Citigroup is being investigated over its student-loan servicing practices in a probe that the bank said echoes an enforcement action against at least one other institution.
Citigroup, which didn't disclose which regulatory agency is involved, is cooperating with the probe, the New York-based firm said Monday in a filing. The investigation may result in penalties or having the bank offer restitution to customers, Citigroup said.
Jennifer Lowney, a Citigroup spokeswoman, declined to comment beyond the filing. The bank didn't disclose the other firm it cited.
The Consumer Financial Protection Bureau last year was involved in a similar investigation into Discover Financial Services. The Riverwoods, Illinois-based company disclosed the probe in February 2014 and last month agreed to refund $16 million to consumers and pay a $2.5 million penalty. The CFPB found the firm overstated minimum amounts due on billing statements and denied consumers information needed to obtain income-tax benefits.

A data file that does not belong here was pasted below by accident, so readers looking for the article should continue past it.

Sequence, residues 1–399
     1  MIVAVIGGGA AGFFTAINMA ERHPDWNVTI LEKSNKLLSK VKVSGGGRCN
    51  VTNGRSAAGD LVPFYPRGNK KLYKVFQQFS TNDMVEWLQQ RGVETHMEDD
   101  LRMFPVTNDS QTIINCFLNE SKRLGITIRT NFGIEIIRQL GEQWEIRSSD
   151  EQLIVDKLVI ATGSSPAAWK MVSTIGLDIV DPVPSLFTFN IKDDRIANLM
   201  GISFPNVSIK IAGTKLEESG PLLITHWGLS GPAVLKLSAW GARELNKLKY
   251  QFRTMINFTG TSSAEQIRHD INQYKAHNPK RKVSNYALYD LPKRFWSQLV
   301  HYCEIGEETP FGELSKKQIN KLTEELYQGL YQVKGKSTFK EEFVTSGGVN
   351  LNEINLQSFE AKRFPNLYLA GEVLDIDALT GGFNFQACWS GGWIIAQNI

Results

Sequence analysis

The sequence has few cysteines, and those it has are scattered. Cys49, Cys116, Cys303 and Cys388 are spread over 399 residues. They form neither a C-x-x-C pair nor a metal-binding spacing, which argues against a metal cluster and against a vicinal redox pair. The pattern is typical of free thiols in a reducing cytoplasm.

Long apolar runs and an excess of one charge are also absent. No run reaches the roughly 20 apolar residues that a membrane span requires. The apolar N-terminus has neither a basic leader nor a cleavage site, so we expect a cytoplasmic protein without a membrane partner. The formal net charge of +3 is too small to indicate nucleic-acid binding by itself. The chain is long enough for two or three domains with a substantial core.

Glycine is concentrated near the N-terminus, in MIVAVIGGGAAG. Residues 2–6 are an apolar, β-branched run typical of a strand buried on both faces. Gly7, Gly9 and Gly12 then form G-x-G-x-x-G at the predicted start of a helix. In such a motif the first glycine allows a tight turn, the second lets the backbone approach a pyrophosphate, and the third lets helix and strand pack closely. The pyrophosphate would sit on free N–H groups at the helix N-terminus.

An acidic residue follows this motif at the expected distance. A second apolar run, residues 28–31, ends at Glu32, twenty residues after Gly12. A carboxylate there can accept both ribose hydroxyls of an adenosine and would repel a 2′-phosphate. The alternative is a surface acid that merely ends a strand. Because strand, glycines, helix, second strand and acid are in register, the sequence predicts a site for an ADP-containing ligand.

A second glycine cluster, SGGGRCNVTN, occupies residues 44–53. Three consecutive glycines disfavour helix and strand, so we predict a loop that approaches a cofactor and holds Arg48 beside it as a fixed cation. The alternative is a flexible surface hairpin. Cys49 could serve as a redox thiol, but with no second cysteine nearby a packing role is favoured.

Citigroup exited most of its student-loan business in September 2010 when the bank sold its majority stake in Student Loan Corp. to Discover, unloading $4.2 billion of private loans and $3.4 billion of securitized loans. SLC separately agreed to sell $28 billion of securitized federal student loans and related assets to SLM Corp., known as Sallie Mae. At the time, the bank said it would keep $8.7 billion of federal and private loans and look to sell those over time.